Charlie did his best to ignore everything. He called the blonde when he couldn’t take it anymore, and she always chewed him out, “There’s no such thing as ghosts, you asshole!”

After 17 days, Charlie was driving home from work, passed out, and drove his car across the median, into the oncoming traffic. His car side-swiped three other cars before an SUV t-boned him.

I was glad no one he hit died, although a couple of people did have to spend the night in the hospital.

Charlie didn’t survive. The collision with the SUV snapped his neck. I wished that hadn’t happened. I’d wanted him to spend the rest of his life in prison.

The next day, when Bob heard about Charlie’s wreck, he’d had enough. He called 911, and told them to come get him. “Save me! She’s after me! She killed Charlie, now she’s after me!”

The police, of course, found it entertaining how a dead woman had killed Charlie, and was haunting Bob.

Bob told the police everything. I suppose it helped when Darla showed up while he was waiting for the police, and told him, “Tell them everything, and I’ll stop.” He told them names, places, times, dates. Hell, he even told them what the blonde did to Darla while she was tied up, before they killed her, and what she’d done to Darla’s body after they killed her.

The blonde, it seems, was one demented soul.

Of course, I made sure the blonde knew Bob had turned himself in. It was easy to put it on her car radio while she drove home from work. “Murder turns self in, names accomplices. More at Eleven.”

She checked the news when she got home, and Bob’s picture was on the news report, with his full name, “And the police are collecting the accomplices. More at 11.” It was the first time she’d been nervous about anything. She’d never batted an eye about killing Darla. But it was different when her life was at risk. She’d be going to jail for murder, and she knew it. She’d watched the windows, and knew when the police cars pulled up, and the officers got out.

They heard the gunshot while they walked toward her front door.

Seems the blonde had no intention of going to jail.

She got what she deserved.

Just another day in the life of an Armor.

I am Armor 17. I am the violence.

491 Words
@LurchMunster


This is Part 7, the final part, of a story I’ve written using the prompts for the #FlashMobWrites challenge. #FlashMobWrites is hosted by Ruth Long and Cara Michaels.  Please, go read all the stories for #FlashMobWrites Week 1×49. You might find something you like. But if you don’t read them, how will you ever know?

Two Steps To The Side

[Content Warning: This post speaks of depression, anxiety and thoughts of suicide. Proceed at your own risk.]

I used to walk more than a mile down Princess Anne Boulevard and Dam Neck Boulevard on my daily walks. It was part of how I survived the events of 2010 and 2011. Many mornings during those days I walked during morning rush hour, with both roads filled with cars, busses, pickup trucks, SUVs, and commercial trucks.

More than once, on those walks, I knew a simple truth. If I turned to the side and took two steps, I wouldn’t have to live with the emotional and spiritual pain I was in. Two steps to the side, and one big truck, doing 45 or 50 miles per hour. I’d never know what hit me.

I knew how to die, escape, leave, abandon this world I never made. A world that had torn my heart out with its fingernails, then threw it on the ground, and stomped on it. A world that said to me, “You’re done!”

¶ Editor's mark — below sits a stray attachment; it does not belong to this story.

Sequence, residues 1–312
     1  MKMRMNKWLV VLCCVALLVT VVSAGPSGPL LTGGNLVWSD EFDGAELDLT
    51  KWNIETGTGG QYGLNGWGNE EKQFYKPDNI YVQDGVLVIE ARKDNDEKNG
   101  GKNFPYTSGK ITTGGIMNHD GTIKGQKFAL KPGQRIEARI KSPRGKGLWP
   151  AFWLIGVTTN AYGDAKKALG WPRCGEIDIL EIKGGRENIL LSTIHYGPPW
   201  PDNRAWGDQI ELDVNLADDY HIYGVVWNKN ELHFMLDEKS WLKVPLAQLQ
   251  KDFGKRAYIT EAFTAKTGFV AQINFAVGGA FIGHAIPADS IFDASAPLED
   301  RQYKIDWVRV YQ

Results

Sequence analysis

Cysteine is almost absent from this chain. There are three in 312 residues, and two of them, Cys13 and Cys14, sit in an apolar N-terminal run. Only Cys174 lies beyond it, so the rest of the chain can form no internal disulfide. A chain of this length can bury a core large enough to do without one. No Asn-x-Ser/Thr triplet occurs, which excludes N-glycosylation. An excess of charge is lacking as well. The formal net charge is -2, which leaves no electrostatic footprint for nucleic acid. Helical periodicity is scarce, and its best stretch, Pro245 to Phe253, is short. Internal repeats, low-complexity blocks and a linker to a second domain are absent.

I walked those mornings knowing everything was wrong. I wasn’t in my car, driving to work, like everyone else was. Instead, I was spending my days at home. Writing. Watching TV. Doing household chores. And wondering what everyone I’d known, everyone I’d worked with, felt was so wrong, so broken, with me.

I walked when I needed to walk. When my emotional state became so tense, so confusing to me, I couldn’t think at all, let alone think straight, or rationally. I walked when I wanted to scream, when I wanted to punch people in the face, when I wanted to argue with everyone I’d ever met, when I felt completely numb, when I couldn’t feel anything, or think anything.

I walked to find my way back to me.

I can’t explain things better than I have. I haven’t found any words for what I felt in those days. Anguish is such a disposable word. Depression has become a sheet of paper people use to cover up emotional topics. Too many words we use in our society have lost their meaning to me. They’ve become disposable, wink and nod and the world’s OK, cover up words. Words used to filter out things people don’t want to deal with.

I can say I knew, even as I walked, I never would take two steps to the side. I’d have walked through a hallway filled with fire, with a floor covered in burning coals, but I’d never take those two steps to the side. Because I knew. If I took those two steps I’d be running from what I was afraid of.

And I don’t run.

I have learned my doctor, and my family, were more than a little scared about my long walks. Part of what scared them was whether I’d take those two steps. They never spoke of it, other than to say how concerned they were when I had to take a walk.

I’m still figuring that part of my story out. Still figuring out how people reacted to what I was going through. How they felt about my behavior, the things I said, the things I did. I remember being asked, more than once, why I was so angry. If I was OK. If everything was alright. I remember my answer was always, “Yes. I’m fine.” To me, I was. By my standard, by my understanding of life, everything was OK. I was enduring some changes, long overdue ones at that, I was angry, frustrated, scared. Scared of what was happening. Of the unknown, of moving away from everything I’d known, everything I’d done, everything I’d been.

To me, everything was normal. To me, knowing how to remove myself from this Earth is normal. And I do know more than a few ways. Doesn’t everybody?

I’ve also learned my doctor took a while to figure out how tough I am. I know this is true because I didn’t end up locked away in a room somewhere on suicide watch. My doctor figure out I wasn’t at risk. No one needed to lock me up, to protect me from myself.

All I needed was time.

Turned out time was all I had.

To this day, I know the truth. Two steps to the side, and it’s over.

To this day, I know the truth. I won’t take those steps.

I don’t run.

Bring it, life. Bring it.

Mark.